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Montefiore in the News

August 30, 2011

New Technique by Montefiore Medical Center Surgeon Published in Journal "Scoliosis"

New York City, NY (August 30, 2011) - Minimally invasive surgery to treat scoliosis in teenagers is now a "feasible option," according to Vishal Sarwahi, MD, Director of Spine Deformity Surgery at Montefiore Medical Center.

"This new procedure to correct curvature of the spine involves three small incisions in the back, as opposed to standard open surgery, which requires a two-foot incision in the back," said Dr. Sarwahi. "While there are significant technical challenges in the new procedure, it has proved as effective as open surgery and involves less blood loss during surgery, shorter hospital stays, relatively less pain and pain medication and helps patients become mobile sooner."

Dr. Sarwahi has performed seven of the innovative procedures, and published the first professional journal article in the world on the topic in the August, 2011 issue of Scoliosis (

Until now, children with scoliosis, who are mostly girls, have been treated with traditional open surgery, in which a surgeon opens up a large section of the back, separates many back muscles and then places rods, screws and bone grafts along the spine to straighten the curvature. Dr. Sarwahi accomplishes all of the above through three tiny incisions in the back.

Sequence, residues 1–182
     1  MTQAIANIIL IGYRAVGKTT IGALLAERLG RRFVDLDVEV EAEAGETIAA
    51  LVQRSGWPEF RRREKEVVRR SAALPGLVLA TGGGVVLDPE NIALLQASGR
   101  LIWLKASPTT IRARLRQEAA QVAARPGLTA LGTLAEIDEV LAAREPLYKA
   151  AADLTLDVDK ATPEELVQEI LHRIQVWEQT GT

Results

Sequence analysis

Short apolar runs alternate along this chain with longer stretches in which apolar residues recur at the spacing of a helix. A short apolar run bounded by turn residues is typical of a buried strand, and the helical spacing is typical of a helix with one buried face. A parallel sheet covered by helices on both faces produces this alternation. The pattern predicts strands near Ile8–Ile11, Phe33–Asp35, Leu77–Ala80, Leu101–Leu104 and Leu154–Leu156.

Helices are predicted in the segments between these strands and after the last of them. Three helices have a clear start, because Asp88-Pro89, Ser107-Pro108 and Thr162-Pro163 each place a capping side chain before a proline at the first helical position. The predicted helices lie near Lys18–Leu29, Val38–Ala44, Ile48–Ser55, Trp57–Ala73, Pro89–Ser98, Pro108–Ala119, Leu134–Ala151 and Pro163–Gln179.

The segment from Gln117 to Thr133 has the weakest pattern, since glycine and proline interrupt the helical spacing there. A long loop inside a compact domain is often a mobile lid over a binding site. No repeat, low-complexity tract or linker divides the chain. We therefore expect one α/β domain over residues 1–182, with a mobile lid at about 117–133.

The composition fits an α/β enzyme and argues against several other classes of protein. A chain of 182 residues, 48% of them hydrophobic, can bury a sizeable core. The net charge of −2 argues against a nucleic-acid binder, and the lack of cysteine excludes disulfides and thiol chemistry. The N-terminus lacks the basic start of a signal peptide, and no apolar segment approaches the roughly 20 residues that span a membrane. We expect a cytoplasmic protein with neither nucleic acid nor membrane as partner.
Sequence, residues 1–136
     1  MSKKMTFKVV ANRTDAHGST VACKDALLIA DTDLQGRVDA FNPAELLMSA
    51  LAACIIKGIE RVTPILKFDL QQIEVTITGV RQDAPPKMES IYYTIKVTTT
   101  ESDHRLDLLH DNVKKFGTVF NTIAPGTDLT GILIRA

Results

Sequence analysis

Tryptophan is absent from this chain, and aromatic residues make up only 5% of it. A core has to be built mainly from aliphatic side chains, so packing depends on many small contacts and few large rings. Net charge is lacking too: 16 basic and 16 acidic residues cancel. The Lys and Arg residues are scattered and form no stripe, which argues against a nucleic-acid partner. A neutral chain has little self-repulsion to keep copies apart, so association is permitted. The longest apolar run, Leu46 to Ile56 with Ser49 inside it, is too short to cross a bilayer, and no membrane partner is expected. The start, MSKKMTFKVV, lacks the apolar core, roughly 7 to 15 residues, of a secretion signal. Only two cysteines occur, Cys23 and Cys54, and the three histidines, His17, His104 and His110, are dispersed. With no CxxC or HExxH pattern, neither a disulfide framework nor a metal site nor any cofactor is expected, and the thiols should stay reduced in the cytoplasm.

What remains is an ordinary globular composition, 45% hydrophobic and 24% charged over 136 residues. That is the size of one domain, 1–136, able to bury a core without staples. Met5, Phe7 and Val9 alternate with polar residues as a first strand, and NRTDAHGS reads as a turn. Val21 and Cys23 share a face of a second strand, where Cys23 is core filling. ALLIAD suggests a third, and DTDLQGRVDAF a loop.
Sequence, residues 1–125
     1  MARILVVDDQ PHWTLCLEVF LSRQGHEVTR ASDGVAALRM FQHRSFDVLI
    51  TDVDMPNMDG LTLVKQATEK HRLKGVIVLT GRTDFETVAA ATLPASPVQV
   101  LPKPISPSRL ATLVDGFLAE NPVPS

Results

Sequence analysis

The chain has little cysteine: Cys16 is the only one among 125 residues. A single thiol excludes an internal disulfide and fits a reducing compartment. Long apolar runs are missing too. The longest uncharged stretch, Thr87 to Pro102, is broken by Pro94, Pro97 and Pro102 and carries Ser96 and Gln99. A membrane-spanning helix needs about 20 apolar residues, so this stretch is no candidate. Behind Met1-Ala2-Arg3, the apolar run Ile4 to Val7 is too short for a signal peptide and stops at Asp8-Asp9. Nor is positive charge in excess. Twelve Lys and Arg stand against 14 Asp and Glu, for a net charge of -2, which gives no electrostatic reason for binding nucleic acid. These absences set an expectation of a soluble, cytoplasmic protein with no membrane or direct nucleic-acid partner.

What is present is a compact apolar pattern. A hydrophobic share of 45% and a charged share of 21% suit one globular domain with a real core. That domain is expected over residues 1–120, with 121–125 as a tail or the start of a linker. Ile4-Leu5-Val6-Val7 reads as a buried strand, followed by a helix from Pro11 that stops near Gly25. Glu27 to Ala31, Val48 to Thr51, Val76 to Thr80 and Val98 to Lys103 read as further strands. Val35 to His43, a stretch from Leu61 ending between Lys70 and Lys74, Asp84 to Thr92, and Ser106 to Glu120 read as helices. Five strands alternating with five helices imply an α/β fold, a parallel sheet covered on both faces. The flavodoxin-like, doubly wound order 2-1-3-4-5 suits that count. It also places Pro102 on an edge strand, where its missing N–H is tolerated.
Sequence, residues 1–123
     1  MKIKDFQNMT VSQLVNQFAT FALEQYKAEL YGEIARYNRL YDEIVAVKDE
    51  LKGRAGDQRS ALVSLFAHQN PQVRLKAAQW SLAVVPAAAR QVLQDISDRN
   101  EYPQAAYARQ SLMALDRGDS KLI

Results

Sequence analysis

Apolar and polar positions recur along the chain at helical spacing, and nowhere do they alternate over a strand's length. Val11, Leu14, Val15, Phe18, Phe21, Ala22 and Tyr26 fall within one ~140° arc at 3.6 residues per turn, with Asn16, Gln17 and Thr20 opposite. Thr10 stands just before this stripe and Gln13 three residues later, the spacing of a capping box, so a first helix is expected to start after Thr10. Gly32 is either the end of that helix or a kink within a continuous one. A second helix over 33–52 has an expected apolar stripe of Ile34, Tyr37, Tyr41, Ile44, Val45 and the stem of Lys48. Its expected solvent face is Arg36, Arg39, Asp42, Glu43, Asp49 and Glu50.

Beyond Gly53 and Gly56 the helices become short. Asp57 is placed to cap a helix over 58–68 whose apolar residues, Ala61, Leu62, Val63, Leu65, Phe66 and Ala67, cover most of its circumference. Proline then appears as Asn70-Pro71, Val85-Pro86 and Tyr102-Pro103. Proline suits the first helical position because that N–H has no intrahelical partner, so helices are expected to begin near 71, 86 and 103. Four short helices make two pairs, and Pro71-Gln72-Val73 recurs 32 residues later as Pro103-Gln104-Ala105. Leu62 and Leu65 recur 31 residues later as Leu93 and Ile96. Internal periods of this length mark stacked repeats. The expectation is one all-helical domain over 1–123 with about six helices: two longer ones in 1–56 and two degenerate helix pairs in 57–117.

When curvature of the spine is severe, patients with scoliosis experience back pain and problems with heart and lung function. Scoliosis affects 60,000 school-age children in the United States, resulting in over 600,000 doctor visits. An estimated 30,000 children are braced, while 38,000 patients undergo corrective surgery, according to the National Scoliosis Foundation. Of these surgeries, 13,000 are in teenagers.

The best candidates for the new procedure are adolescents with a routine spinal curvature of 40-70 degrees, said Dr. Sarwahi, who followed the seven patients over two years.

Minimally invasive surgery has been performed on adults with lumbar scoliosis in recent years, and the "next logical step is to apply minimally invasive surgical techniques to the treatment of adolescent scoliosis," said Dr. Sarwahi.

The technical challenges Dr. Sarwahi and his team were able to overcome in the new procedure for children are significant. The spinal curvature in adolescent patients is more severe (50-100 percent greater than in adults); the number of vertebra requiring fusion is generally higher (from 7-13 vertebra); radiation exposure is greater due to multiple x-rays required to help place screws in each of the vertebrae; and the spine is twisted into three planes, which makes surgery more complex.

The new, minimally invasive technique takes longer than open surgery, said Dr. Sarwahi, but he believes the time in the operating room will be reduced as the procedure is performed in greater numbers.

In the study of seven patients, the surgeons limited the technique to curvature of the spine that was less than 70 percent. The technique provided "similar deformity correction as a standard open posterior spinal fusion," said Dr. Sarwahi.